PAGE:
This review originally ran as part of our 2020 Sundance Film Festival coverage.
Writer-director Lee Isaac Chung’s Minari, which arrives in virtual cinemas today for a brief qualifying run (it will get a wider release starting February 12th), comes with a sense of pedigree: his first film, Munyurangabo, about two Rwandan youth, made a huge splash after debuting at Cannes in 2007. His output has been admittedly spotty since then — an oddball character study here (Abigail Harm), a co-directed documentary there (I Have Seen My Last Born). Yet this semi-autobiographical look at a Korean American family moving to Arkansas in the Eighties feels like an entirely different beast, and something far more personal than Chung’s previous works. It’s a beautiful example of cinema à clef, done with little blustery sentimentality and a surfeit of grace notes — a textbook example of why that-was-the-summer-where-everything-changed movies are less about the tale than how it’s told.
Chung’s screen counterpart is seven-year-old David (Alan Kim), who’s been uprooted from California by his father (Burning’s Steven Yeun) and relocated to the Natural State. Pops is chasing the dream of starting a farm in order to cultivate Korean vegetables; there’s a growing diaspora in nearby Southern regions, he reasons, and thus a growing market for fresh produce that caters to homesick immigrants. David’s older sister (Noel Kate Cho) rolls with the changes when she’s not rolling her eyes at everyone; Mom (Yeri Han) is harboring resentment over the move and what she perceives to be her husband’s selfish folly. Why couldn’t they have stayed out West? Because he wants 50 acres of good American dirt (“Five acres is a hobby,” Dad explains) and the chance to make something of himself. Obstacles — some external, many more internal — loom on the horizon.
You think you know where all of this is going — and in a way, you do, given that Minari is definitely one of those films in which the complexities of a first-person past is replayed through the eyes of a child. The parental arguing, the appearance of David’s kindly grandmother (Yuh-Jung Youn) who’s come to stay with them (“She smells like Korea,” the boy complains), the fish-outta-water experience that’s compounded by the family’s immigrant status: we see all of this through our underage hero’s perspective, even as Chung’s wisdom and wistfulness informs this look back at his childhood.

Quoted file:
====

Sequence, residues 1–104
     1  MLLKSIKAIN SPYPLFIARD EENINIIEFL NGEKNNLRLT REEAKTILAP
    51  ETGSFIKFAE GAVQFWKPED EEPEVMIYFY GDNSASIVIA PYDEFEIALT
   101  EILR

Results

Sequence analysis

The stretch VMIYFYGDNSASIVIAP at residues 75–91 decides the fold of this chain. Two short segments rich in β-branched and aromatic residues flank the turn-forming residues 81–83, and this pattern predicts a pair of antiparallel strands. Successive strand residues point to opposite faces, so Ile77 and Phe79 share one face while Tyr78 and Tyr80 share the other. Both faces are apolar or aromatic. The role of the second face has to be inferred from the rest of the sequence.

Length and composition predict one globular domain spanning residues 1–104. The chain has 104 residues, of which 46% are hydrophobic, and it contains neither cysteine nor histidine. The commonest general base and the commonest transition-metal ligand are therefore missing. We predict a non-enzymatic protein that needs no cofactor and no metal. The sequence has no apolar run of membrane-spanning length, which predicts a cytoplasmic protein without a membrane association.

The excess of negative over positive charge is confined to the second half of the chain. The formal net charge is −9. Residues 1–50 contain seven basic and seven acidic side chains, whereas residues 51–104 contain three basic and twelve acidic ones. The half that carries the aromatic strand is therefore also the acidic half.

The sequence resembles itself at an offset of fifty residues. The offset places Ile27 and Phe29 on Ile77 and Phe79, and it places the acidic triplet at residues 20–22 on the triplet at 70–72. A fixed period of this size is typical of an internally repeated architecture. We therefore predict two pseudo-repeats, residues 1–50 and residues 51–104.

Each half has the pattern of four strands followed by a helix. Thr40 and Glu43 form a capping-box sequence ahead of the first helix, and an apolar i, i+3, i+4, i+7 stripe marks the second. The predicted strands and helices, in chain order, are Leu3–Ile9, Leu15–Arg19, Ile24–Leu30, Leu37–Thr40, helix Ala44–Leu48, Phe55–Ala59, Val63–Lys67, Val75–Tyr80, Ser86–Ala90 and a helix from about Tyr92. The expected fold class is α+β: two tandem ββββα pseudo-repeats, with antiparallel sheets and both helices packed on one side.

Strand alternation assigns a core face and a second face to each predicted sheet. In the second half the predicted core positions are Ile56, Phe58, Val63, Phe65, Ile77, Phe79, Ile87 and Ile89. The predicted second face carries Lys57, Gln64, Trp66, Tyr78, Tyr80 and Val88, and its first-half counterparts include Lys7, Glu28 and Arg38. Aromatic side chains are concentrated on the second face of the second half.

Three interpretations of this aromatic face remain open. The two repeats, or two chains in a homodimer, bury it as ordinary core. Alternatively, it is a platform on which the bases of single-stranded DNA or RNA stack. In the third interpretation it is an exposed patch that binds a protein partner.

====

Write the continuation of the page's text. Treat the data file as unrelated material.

But Minari has a habit of gently leaning left when you expect things to swerve right, from the casual racism that quickly defuses itself to the way the elderly relative becomes David’s co-conspirator instead of an Old World taskmaster. There’s not a false note in any of the performances, though it’s tempting to single out Kim (he’s an astounding performer with a killer blank-reaction face) and Han, who never lets the mother devolve into the cliché of a long-suffering spouse. (Kudos as well to the great Will Patton, blessing us with a humanistic portrait of the town’s Jesus freak.) Even when the grandmother character threatens to turn into a cute-biddy caricature, the film has a way of pulling things back from the brink of cloying.
When things take a turn for the tragic, you brace for the worst. And still, Chung presents things in a manner that punctures the melodrama without lessening the moments’ impact. Minari understands exactly how to blend the specific and the universal — that combination of making his story feel like yours. The title, by the way, refers to a plant used in a number of Korean dishes; Grandma brings over seeds from the homeland when she comes to stay with the family. She and David plant them by a creek a short walk from the farm. They can grow virtually anywhere, she tells the boy. And yet the leafy green still retains its native characteristics. Yes, it’s a metaphor. Yes, the film earns the right to use it.
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